Mercedes-Benz redesigned its CLK-Class coupe for 2003. B-pillars were removed, and the new model gained weight and torsional stiffness.
The CLK-Class Cabriolet was comparably redesigned for 2004. Cabriolets have a fully automatic soft-top that can be operated remotely, as well as sensor-controlled roll bars that are disguised as head restraints.
For 2005, the CLK500 adopted a seven-speed-automatic transmission. Changes for the 2006 model year include a new grille and redesigned taillamps. Active front head restraints are now standard. A CLK350 series with a 268-horsepower, 3.5-liter V-6 and seven-speed automatic replaces the CLK320. The CLK350 gets new wheels and a front apron. A sportier interior and an AMG exhaust system go into the CLK500.
Rear windows in the pillarless coupe retract fully to create an open, airy feeling. Mercedes-Benz's three-pointed star sits at the center of a low, wide grille. Twin ellipses form a single headlight unit on each side of the grille. For 2005, the CLK55 AMG gained twin dual exhausts.
Elegance is the CLK350's front-end theme, while sportiness takes precedence in the CLK500. Five-spoke wheels on the CLK350 and CLK500 hold 17-inch tires, but the CLK55 AMG rides on 18-inch double-spoke wheels. The CLK500 includes a rear spoiler.
Each model provides space for four occupants on leather-upholstered seats; the rear seat is split and folds. When front occupants close their doors, an arm extends to deliver the seat belt buckle. Vertical LCD bar graphs are used for fuel and coolant-temperature gauges.
Standard equipment includes a Tele Aid emergency assistance system, automatic dual-zone air conditioning with a sun sensor, 10-way power front seats and rain-sensing wipers. A Harman Kardon LOGIC7 system offers seven-channel digital surround sound.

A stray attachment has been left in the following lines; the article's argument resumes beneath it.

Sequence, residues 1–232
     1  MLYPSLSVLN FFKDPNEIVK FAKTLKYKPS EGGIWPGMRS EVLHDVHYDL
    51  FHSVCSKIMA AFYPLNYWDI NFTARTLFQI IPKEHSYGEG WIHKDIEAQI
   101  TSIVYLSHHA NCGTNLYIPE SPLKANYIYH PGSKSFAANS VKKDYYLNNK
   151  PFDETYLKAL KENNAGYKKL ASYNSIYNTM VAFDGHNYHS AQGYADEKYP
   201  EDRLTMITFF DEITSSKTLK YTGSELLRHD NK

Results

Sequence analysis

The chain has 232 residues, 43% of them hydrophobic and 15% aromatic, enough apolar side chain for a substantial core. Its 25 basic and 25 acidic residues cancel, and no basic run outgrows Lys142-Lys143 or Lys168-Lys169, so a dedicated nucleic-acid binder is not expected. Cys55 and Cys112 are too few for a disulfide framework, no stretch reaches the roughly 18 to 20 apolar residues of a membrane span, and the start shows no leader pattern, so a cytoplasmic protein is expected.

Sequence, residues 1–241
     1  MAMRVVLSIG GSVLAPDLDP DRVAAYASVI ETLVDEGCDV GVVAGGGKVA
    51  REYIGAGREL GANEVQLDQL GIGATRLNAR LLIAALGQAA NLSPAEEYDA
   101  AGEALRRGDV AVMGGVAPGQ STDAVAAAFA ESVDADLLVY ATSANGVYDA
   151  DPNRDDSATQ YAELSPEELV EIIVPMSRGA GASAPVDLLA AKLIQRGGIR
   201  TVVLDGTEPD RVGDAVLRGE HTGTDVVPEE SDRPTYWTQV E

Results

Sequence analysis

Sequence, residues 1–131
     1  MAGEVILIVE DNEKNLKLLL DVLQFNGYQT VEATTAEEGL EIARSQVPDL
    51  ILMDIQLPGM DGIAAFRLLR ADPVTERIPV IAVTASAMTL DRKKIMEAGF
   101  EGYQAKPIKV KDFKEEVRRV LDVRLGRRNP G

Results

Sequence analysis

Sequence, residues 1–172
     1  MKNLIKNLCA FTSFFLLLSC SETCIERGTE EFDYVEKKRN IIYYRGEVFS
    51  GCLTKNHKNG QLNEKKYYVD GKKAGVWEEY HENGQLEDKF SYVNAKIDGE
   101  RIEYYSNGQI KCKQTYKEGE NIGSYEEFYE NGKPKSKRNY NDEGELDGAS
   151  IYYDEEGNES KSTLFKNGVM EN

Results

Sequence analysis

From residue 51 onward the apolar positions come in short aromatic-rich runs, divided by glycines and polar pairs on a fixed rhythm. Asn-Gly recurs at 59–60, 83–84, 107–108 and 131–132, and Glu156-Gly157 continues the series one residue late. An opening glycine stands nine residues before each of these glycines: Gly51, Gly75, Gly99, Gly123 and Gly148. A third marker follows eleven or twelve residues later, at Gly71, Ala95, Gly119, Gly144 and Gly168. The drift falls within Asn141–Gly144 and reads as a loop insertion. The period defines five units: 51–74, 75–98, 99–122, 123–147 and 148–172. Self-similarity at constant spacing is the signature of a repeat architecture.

Mercedes' Keyless Go system unlocks and starts the car by touching buttons on the door handles and gearshift knob, respectively. Additional options include bi-xenon headlights, a navigation system and a Parktronic system that detects obstacles to the rear.
Under the Hood
A 268-hp, 3.5-liter V-6 goes into the CLK350 coupe and Cabriolet, while a 302-hp, 5.0-liter V-8 powers CLK500 models. The CLK55 AMG holds a hand-built 5.5-liter V-8 that generates 362 hp. CLK320 and CLK500 models use a seven-speed-automatic transmission, while the CLK55 gets a five-speed unit. Touch Shift permits manually selected gear changes.
CLK-Class models have four side-impact airbags. The front-seat side-impact airbags in Cabriolets provide head and thorax protection. Coupes have full-length side curtain-type airbags. Antilock brakes and Mercedes' Electronic Stability Program are standard.
The CLK500 Cabriolet is nearly flawless. It delivers fierce acceleration, super stability, and expert steering and handling. The automatic transmission responds well. The absorbent, carefully controlled suspension provides an enjoyable ride. Performance has been less energetic but wholly sufficient in the CLK320; the new CLK350 should be stronger yet.
Visibility is impaired when the convertible top is up, but conversations are easy with the top down. Firm, snug-fitting seats feel like they're custom-made. Front-seat space is ample, even though the car is rather narrow. Each model has a solid, tight feel, with little sense of heaviness. The powered seat belt extension arm is helpful, but it tends to snap into position.
Cars.com Expert Reviews
|Jim Flammang||Cars.com National||September 29, 2005|
|Dan Neil||Los Angeles Times||July 12, 2006|
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